Injured police officers who ‘became our miracle’ are thanked at gala dinner
The police officer who took a bullet for the Jewish people while responding to the Oct. 27 shooting during Shabbat-morning services in Pittsburgh, and was promised a hero’s welcome by Chabad of Pittsburgh for his life-saving bravery, got that welcome at a gala event co-hosted by Yeshiva Schools and Lubavitch Center of Pittsburgh on Jan. 12. At a lavish melaveh malkah—the traditional post-Shabbat meal—the Pittsburgh Jewish community came together to honor his actions and those of four other Pittsburgh officers also injured in the attack.
“Each year, Lubavitch Center and Yeshiva Schools unite for this event honoring a community member,” said Rabbi Henoch Rosenfeld, director of Chabad Young Professionals in Pittsburgh. “This year, the community was overwhelmingly in favor of honoring the first responders whose quick action saved lives.”
Rosenfeld related the story of a Chassid who wished to see Elijah the Prophet. Upon inquiring of the Baal Shem Tov how this could be done, the Baal Shem Tov instructed him to bring sorely needed food and clothing to a poverty-stricken family. He did not meet Elijah, but to that family, he was Elijah.
“Often, when we’re looking for our miracle, we don’t have to look far,” said Rosenfeld. “Officers Dan Meade, Michael Smidga, Tyler Pashel and the others, through their selfless actions, by putting themselves in the clutches of death became our miracle.”
Police Chief Daniel Hermann confirmed what was previously speculated—that the gunman was on his way to a second site to continue his deadly rampage, his car engine still running outside the building, when Mead and Smidga, the first officers on the scene, exchanged gunfire with him and forced him back inside, where he was eventually arrested. Hermann also acknowledged the “overwhelming outpouring from the Jewish community saying, ‘Thank you for what you do.’ ”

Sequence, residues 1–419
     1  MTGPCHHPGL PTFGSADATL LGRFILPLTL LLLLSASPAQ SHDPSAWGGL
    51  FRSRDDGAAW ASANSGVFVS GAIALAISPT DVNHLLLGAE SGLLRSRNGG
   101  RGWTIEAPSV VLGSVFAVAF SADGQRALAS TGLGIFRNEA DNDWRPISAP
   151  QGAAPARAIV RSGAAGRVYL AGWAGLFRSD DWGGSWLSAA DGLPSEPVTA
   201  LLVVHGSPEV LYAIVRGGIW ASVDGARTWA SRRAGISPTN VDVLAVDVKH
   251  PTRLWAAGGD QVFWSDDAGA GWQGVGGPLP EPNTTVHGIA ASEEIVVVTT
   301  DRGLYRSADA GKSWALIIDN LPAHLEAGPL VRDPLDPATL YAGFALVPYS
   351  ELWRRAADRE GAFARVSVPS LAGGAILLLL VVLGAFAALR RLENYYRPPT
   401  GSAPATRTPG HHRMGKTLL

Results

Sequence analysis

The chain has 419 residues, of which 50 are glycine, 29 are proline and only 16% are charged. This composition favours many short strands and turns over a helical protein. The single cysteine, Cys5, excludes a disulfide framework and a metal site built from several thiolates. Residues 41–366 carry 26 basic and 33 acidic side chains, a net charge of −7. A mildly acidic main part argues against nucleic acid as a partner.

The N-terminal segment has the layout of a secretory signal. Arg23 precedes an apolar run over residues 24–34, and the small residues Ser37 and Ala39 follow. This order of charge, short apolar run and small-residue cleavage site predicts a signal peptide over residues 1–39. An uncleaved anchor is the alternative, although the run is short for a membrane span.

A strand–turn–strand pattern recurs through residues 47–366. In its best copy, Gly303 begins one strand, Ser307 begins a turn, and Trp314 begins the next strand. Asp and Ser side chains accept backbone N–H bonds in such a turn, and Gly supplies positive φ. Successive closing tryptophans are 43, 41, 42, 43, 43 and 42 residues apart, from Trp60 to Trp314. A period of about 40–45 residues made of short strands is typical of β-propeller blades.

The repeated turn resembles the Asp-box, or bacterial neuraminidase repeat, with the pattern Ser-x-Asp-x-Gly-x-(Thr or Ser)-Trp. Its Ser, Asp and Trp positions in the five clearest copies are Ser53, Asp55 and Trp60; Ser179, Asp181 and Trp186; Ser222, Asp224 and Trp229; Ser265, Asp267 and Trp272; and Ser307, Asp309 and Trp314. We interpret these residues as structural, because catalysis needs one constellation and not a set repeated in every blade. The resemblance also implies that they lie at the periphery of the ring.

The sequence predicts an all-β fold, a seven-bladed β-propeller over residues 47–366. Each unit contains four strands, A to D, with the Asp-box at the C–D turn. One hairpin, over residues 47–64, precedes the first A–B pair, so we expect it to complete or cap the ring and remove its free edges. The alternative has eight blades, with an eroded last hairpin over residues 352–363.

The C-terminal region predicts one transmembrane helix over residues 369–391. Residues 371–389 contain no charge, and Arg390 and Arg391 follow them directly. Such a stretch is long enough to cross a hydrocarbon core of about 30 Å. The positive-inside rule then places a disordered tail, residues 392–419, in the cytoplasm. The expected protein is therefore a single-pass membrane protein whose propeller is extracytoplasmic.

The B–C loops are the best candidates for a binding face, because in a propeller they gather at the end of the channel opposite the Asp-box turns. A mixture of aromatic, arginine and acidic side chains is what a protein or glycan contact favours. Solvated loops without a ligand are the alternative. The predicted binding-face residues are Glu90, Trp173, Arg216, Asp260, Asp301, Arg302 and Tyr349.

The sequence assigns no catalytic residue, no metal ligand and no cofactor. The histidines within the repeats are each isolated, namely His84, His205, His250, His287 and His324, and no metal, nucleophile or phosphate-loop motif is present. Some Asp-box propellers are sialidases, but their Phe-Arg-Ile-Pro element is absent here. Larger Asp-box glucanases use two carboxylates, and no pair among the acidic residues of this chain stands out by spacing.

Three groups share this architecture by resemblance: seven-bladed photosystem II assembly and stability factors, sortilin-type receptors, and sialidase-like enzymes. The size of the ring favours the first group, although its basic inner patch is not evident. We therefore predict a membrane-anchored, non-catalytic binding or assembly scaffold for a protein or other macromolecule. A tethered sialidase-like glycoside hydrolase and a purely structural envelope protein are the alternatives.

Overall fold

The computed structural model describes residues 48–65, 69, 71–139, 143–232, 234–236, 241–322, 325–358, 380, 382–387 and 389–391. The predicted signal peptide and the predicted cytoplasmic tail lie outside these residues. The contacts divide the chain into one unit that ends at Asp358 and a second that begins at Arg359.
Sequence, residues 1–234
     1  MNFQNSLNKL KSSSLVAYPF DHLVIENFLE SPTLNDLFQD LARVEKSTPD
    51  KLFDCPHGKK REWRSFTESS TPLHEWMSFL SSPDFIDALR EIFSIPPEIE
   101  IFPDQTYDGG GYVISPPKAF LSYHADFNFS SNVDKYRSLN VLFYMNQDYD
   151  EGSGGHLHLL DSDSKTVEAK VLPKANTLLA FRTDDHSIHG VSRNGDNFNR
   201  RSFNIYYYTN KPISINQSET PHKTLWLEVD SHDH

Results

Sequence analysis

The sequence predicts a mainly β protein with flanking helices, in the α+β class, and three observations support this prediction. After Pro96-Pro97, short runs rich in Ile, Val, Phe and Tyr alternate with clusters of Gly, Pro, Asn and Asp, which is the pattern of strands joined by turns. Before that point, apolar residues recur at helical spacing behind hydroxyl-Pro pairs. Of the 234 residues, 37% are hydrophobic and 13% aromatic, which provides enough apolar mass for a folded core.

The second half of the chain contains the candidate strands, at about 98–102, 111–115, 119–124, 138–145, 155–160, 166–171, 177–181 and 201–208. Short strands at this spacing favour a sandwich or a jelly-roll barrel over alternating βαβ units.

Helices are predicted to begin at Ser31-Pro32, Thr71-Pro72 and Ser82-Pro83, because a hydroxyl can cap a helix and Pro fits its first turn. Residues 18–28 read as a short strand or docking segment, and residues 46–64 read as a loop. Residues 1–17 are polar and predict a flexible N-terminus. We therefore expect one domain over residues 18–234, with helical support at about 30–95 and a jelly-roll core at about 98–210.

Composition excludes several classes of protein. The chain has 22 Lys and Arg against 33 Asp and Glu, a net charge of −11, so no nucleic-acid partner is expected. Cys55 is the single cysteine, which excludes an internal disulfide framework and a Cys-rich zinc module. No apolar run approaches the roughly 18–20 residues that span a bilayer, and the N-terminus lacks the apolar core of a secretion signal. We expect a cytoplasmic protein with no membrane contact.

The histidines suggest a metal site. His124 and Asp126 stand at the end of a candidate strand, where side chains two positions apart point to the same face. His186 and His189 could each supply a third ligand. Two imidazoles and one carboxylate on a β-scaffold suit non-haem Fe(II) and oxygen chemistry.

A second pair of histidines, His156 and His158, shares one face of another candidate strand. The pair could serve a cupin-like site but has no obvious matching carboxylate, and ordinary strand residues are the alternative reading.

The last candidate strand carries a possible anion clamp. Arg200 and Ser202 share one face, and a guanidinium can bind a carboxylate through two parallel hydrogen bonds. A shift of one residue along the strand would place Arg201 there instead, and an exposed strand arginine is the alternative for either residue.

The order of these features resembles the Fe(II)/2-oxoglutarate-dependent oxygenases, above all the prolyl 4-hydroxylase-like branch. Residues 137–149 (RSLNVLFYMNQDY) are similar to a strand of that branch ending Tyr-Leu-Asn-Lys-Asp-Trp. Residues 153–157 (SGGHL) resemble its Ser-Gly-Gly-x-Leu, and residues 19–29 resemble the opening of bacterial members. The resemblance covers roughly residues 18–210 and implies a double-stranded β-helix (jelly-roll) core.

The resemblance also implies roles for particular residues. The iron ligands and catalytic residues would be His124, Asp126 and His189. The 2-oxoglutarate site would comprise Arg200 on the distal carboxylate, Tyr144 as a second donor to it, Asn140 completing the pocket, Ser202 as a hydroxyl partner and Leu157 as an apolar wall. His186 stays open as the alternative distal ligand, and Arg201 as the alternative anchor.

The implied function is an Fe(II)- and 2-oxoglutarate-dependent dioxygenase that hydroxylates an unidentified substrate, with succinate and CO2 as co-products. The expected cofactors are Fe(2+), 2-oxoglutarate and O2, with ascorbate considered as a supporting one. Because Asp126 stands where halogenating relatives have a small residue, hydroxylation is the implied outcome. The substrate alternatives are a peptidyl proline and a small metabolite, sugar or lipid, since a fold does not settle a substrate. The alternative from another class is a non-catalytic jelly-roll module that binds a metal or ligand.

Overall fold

School’s Security Manager Also Honored
Also honored at the event was Yeshiva Schools’ security manager Chaya Engel, whose leadership continues to ensure the students’ safety. “I was glad to have the opportunity to educate parents about the safety measures we are taking, and to express my gratitude to everyone who has stepped in and shown their support for heightened security measures,” said Engel. “After I initiated the push for increased security, so many from the community, the government and local law enforcement have been incredibly helpful in the implementation of these efforts.”
Mead faces a long road of recovery after sustaining a gunshot wound to the arm. Smidga’s return to work was celebrated several days before the event, and Pashel is back as well, putting their lives on the line to protect others.
Rosenfeld notes that in the weeks and months since the shooting, the community has been exceptionally united, coming together to support the injured and the local synagogues. “It’s amazing how the synagogues came together,” he said. “This was a tremendous opportunity for us to show our gratitude to the officers who took bullets for us—bullets that were intended for the Jewish community.”
Rabbi Yisroel Rosenfeld, director of Chabad Lubavitch of Pittsburgh, said that “as one of the largest synagogues in Squirrel Hill, we felt it was our duty to express our appreciation to the officers of the Pittsburgh Police Department for their selfless and heroic actions.”